Book a true-life thriller about a journalist sentenced to death by Mexico’s Zetas
Plunging once more into Mexico’s heart of darkness — its rampant drug cartel-fuelled extortion, torture, corruption and daily murders which have left 80,000 dead — Mexico and L.A.-based Canana has optioned big-screen rights to Alfredo Corchado’s “Midnight in Mexico: A Reporter’s Journey Through a Country’s Descent into Darkness.”
Canana founder and partner Pablo Cruz will produce the movie makeover for Canana, one of Latin America’s top independent production-distribution companies, which was founded by Cruz, Gael Garcia Bernal and Diego Luna.
The Mexico Bureau Chief of the Dallas Morning News and a Nieman 2009 Fellow at Harvard, Corchado wrote “Midnight in Mexico” from dramatic personal experience. Covering Mexico’s drug wars, he has suffered four death threats. One came from the Zetas, the para-military death squads split off from the Gulf Cartel. On that occasion, racing a 24-hour-stay-of-execution, Corchado set off into the Mexican country to try to trace down the source of his death sentence.
Rights for “Midnight in Mexico” were optioned just before Mexico’s Guadalajara Book Fair, where movie deals are escalating. “Midnight” will be spoken mostly in English, with Spanish for characters living in Mexico.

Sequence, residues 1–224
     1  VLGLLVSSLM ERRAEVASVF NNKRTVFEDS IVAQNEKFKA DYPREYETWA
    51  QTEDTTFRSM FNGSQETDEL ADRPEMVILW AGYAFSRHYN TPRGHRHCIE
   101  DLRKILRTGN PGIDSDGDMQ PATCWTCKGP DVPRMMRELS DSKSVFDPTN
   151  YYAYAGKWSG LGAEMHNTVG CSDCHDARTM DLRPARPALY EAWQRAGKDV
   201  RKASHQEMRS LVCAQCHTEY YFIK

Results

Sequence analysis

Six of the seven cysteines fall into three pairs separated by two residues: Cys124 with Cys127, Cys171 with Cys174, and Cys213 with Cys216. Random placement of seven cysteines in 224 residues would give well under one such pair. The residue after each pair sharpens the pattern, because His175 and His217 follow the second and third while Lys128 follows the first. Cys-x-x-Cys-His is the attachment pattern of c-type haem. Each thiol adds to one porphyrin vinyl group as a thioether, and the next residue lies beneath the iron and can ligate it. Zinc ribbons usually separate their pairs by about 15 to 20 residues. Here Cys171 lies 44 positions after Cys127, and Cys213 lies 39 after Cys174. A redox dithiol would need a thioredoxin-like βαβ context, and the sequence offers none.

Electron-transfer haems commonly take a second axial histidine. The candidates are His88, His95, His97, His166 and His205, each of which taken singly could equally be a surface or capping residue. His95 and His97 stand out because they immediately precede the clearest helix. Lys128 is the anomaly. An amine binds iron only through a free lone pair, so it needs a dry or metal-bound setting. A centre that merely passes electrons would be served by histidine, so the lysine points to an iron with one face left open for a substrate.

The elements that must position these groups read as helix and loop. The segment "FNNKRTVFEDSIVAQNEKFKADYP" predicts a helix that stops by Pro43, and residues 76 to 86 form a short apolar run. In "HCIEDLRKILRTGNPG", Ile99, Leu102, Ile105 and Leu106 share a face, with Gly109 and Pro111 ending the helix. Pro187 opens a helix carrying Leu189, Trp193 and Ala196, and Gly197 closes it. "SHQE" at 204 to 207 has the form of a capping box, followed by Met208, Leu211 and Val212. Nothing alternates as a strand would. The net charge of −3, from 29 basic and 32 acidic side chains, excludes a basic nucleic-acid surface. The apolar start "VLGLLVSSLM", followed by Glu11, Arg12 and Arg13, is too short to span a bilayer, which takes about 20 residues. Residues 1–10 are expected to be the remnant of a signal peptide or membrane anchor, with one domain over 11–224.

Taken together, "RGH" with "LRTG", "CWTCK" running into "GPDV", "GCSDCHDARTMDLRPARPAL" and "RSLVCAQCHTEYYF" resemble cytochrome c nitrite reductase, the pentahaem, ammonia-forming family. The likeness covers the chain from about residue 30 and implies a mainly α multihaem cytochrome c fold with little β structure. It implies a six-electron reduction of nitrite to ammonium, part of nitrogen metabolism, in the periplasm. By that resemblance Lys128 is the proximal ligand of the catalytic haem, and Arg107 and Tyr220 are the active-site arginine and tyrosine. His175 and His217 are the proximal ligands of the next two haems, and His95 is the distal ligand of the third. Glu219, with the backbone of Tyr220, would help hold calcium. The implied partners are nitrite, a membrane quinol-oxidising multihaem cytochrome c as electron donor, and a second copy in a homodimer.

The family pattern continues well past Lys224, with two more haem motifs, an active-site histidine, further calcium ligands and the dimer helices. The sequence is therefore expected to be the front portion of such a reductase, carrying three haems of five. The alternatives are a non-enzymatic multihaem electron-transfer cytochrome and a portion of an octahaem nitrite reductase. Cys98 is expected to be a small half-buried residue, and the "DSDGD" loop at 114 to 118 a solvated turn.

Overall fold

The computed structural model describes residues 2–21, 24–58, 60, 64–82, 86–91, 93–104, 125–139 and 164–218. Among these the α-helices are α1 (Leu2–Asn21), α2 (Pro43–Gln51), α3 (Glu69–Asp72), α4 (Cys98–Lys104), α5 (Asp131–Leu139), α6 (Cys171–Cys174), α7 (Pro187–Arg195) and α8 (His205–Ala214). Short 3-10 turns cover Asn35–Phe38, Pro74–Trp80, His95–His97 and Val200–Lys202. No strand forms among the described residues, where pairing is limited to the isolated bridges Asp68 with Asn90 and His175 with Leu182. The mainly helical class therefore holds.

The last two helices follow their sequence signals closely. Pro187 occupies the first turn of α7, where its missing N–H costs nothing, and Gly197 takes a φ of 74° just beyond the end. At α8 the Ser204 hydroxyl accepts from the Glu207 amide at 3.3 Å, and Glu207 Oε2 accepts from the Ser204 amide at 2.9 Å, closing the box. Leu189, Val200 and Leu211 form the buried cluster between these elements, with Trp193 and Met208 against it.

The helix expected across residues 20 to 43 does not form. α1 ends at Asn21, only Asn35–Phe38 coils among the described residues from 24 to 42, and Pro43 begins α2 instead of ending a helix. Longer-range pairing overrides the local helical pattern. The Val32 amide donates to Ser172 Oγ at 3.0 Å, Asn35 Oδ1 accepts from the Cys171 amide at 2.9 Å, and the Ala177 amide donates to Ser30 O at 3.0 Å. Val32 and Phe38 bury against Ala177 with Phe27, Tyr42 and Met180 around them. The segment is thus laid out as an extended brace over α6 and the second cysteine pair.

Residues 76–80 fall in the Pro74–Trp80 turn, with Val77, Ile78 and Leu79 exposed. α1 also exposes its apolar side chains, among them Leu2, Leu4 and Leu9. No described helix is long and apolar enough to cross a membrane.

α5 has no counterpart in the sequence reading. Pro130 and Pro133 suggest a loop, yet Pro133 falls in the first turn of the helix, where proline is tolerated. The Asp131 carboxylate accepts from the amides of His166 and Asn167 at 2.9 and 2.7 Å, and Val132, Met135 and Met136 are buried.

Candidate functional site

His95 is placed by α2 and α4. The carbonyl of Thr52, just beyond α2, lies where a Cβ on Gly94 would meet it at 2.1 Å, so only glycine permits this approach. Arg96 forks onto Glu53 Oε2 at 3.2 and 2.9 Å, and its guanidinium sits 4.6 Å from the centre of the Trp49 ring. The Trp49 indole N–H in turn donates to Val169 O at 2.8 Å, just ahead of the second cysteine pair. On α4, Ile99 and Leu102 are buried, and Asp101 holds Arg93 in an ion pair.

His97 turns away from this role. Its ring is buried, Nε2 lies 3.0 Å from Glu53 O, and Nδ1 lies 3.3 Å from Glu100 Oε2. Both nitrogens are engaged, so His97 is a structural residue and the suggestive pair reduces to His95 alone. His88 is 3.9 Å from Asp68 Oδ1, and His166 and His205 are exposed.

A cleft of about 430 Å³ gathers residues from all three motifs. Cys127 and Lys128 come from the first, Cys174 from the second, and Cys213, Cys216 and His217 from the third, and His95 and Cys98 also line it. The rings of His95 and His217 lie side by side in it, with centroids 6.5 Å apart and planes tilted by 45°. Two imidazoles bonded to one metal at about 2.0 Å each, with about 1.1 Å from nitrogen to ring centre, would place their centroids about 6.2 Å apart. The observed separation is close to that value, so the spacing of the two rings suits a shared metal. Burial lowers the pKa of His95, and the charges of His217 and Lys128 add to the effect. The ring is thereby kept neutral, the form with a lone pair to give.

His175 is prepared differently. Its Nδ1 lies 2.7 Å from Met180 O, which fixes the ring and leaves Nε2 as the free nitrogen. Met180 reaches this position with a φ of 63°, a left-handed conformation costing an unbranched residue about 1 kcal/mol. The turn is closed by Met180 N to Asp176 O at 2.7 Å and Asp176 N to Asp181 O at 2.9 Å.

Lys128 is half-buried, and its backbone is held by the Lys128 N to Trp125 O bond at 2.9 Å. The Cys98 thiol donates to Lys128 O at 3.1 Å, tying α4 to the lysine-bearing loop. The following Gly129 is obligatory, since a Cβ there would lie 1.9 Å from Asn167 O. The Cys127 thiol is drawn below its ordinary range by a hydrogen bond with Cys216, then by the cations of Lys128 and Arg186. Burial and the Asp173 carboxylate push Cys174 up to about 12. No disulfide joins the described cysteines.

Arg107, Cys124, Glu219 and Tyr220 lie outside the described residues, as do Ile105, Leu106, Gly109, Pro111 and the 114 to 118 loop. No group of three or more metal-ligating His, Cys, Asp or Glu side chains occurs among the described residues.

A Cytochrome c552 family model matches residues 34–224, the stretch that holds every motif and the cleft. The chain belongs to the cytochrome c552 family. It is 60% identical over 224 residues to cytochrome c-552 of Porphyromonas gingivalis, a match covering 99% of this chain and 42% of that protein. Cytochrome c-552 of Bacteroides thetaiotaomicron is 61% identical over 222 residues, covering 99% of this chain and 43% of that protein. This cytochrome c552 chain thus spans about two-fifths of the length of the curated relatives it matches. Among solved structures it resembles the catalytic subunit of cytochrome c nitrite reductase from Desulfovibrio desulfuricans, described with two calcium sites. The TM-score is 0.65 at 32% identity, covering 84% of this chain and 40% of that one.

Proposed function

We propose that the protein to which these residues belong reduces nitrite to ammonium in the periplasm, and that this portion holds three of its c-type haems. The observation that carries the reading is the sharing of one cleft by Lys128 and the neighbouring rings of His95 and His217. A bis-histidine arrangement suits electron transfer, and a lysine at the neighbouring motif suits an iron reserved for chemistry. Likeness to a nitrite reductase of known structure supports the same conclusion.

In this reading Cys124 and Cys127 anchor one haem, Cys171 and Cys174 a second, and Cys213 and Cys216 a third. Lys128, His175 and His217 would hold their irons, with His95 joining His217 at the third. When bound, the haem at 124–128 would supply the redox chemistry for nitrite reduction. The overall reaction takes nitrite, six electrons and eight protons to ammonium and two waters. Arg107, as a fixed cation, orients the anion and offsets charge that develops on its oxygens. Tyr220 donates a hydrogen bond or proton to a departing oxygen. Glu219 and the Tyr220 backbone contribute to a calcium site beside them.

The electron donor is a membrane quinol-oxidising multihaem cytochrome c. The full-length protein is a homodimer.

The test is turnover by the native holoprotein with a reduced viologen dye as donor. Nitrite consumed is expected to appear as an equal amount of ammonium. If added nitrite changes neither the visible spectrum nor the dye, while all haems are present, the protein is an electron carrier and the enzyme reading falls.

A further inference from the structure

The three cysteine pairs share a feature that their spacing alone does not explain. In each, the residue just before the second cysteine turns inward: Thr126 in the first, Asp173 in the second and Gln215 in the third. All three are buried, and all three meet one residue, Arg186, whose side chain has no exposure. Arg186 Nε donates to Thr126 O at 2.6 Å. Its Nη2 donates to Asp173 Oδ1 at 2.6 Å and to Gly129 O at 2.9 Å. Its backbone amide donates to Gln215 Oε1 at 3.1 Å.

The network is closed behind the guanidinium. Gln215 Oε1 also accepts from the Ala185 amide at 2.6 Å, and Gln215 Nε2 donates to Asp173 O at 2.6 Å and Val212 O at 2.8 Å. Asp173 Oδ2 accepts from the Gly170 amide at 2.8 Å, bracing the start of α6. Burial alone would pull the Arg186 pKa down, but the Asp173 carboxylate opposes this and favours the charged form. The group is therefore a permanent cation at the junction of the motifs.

The memoir “has all the elements of a fantastic thriller, it is highly poignant and turns on a great central character, a journalist who thinks he’s going to get killed, has to find out if it’s true and if it is, when his execution is going to happen,” Cruz told Variety.
“Midnight” weaves reportage with reminiscence: Corchado father immigrated to the U.S. in the ‘60s to work in the fields of California’s San Joaquin Valley, allowing Corchado an informed perspective on bi-national relations, a first-hand point of view on the experience of living on both sides of the borders and to argue that Mexico’s huge problem of drug cartel violence is America’s as well.
An eavesdrop on what is Mexico seen through the eyes of an American journalist who works as the Mexican correspondent, ‘Midnight in Mexico’ also “explores the notion of the two Mexicos, which is fascinating to a lot of people, the Mexico you know and also that of the Mexicans who live in the U.S. and are discovering its reality,” Cruz said.
In 40 years time, one in three people living in the U.S. will claim Hispanic ancestry.
Said Cruz: “The increasingly emergent Latino population in the U.S. signals a call to action for greater communication and collaboration between the two countries. This film will highlight that need during a critical time for U.S.-Mexico relations,” Cruz added.
Cruz also produced for Canana Gerardo Naranjo’s Fox Intl. Productions co-produced and co-sold “Miss Bala,” plus the upcoming “Chavez,” the English-language directorial debut of Diego Luna, about legendary U.S. labor rights activist Cesar Chavez, which is sold by Mundial, a Canana/IM Global joint venture, and co-financed by Participant Media.
Like “Chavez,” “Midnight” natural demo target is the U.S. and Mexico, plus international markets beyond.